Losing weight is tough. Maintaining a weight loss is even tougher. What’s the key? Accountability. AcCOUNTability. For me, it’s all about the numbers. You can’t cheat on the numbers. I use an online tracking system to keep score of my … Continue reading
That’s right, ladies and gentlemen of the blogosphere, I’m back in business. No, I’m not returning to my roadside beanie baby bed stand. Unfortunately, I believe that ship has sailed. But, after two and half months of elliptical trainers and Stairmasters, I’ve finally been able to start running again. This time, though, I’ve armed myself with a battery of anti-ITBS weaponry–that is, tricks and trades to keep that painful aching tendon at bay.
1. The Foam Roller
I’ve been using this puppy religiously for 5-10 minutes after each and every run. For the video I watched to learn how to roll out my aching IT band (or “illiotibial tract”), click here. I’ll warn you–it is hella painful at first. (Yes, I used the word hella. It’s not generally a piece of my vocabulary, but seems most fitting to describe the sensation of squeezing all the lactic acid out of those hard-set knots.) BUT, as this article explains, and I whole-heartedly agree with, the foam roller has magical qualities, and is much cheaper than recurring trips to a massage therapist.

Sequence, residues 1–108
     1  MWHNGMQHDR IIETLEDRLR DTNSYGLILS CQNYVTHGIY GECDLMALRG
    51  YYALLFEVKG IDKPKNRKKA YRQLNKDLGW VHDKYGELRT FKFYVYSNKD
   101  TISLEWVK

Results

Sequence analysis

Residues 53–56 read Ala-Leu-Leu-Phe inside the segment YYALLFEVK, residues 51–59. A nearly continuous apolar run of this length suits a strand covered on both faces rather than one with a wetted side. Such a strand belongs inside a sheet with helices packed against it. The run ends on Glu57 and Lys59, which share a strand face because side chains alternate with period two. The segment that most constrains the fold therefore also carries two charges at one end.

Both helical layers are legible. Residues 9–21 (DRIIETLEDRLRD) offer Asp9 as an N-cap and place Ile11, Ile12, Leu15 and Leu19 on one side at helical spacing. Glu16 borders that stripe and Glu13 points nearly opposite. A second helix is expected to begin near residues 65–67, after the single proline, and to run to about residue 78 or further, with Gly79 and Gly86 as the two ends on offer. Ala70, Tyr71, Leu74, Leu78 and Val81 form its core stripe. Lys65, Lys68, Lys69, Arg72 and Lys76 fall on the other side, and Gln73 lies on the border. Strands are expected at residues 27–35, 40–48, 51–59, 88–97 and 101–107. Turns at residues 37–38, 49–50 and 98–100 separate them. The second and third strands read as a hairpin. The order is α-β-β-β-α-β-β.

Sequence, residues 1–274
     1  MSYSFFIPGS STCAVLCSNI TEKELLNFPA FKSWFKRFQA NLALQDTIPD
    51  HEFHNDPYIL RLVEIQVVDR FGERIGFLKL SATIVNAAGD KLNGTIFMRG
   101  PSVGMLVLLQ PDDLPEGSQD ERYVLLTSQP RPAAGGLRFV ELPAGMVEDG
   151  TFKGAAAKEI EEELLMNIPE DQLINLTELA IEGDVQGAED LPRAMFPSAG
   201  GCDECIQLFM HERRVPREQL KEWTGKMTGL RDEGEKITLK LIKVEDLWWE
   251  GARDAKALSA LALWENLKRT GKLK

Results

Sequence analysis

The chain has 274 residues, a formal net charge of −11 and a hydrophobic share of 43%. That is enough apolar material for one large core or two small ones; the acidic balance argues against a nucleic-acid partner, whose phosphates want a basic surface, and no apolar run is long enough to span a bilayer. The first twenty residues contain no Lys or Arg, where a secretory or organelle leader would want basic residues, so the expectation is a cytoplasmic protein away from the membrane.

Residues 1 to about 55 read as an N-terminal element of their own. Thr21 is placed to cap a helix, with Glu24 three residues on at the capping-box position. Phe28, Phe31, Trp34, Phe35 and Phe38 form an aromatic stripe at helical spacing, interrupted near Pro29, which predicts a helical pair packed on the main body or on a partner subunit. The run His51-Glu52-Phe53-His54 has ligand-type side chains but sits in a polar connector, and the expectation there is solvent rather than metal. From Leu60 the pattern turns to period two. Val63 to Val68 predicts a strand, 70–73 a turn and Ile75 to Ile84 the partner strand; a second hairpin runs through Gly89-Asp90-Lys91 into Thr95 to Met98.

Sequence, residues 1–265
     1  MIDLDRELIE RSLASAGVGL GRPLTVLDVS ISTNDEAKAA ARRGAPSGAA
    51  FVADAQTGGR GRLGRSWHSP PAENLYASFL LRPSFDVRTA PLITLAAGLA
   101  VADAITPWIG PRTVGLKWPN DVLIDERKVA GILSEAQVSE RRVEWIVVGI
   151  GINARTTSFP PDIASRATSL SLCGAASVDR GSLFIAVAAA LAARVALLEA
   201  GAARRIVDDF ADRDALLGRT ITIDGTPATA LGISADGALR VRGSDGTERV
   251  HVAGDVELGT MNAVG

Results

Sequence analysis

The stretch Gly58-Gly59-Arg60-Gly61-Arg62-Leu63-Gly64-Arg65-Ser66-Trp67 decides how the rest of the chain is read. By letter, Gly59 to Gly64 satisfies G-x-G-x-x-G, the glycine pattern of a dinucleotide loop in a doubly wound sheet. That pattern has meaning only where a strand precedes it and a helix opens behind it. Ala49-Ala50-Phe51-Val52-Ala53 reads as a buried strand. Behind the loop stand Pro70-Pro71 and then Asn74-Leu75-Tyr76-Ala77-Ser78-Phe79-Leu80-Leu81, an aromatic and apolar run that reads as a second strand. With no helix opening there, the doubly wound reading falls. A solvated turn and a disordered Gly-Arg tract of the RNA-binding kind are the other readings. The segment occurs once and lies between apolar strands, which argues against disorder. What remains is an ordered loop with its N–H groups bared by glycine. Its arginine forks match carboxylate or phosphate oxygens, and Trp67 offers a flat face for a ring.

2. The Resistance Band
I was fortunate enough to be gifted these by one of the trainers we frequently work out with at the gym. Little did he know they were exactly what I needed for some extra IT band protection. Now, after my runs, I put the band right over my knees:
Then some of this:
And a little of that:
By strengthening my hips and thighs, and targeting that outer hip area that I’ve targeted as my “problem area” for IT band pain, I’m hoping to build up some strength for those longer distances.
3. The Pigeon
After learning this pose in Yoga, it’s one I turn to often. Now, hardly a day goes by that I don’t spend a couple minutes doin’ the pigeon. (I just got this great visual of “The Pigeon” as some kind of dance, involving a lot of head bobbing and arm flapping.)
4. This Stretch
Okay, I don’t know the name for this stretch. But it’s a good one. Just cross one ankle over the opposite knee, roll onto your back, and pull your legs in towards your chest. (P.S. You don’t have to lay down, but it makes for a pretty nice lower-back stretch, then, too.)
5. This Stretch
Alright, so I don’t actually know the name for this one either, but was recently introduced to it by a fellow runner. It seems to do the job, too.
I’m now doing what I call “pre-training training” for another half-marathon. As you know, I enjoyed my last one so much, and was super-bummed that my IT band pain kept me from competing in the Thanksgiving Gobbler Grind. A few weeks ago, I started by just running a mile, then stretching, stretching, stretching. Then I upped it to two miles and stretched, stretched, stretched. Now, I’m up to three- to four-mile runs, and am still (knock on wood) pain free. I’m hoping that with my collection of gadgets, and diligent stretching, I’ll be able to effectively train for and run the Rock the Parkway half-marathon in April.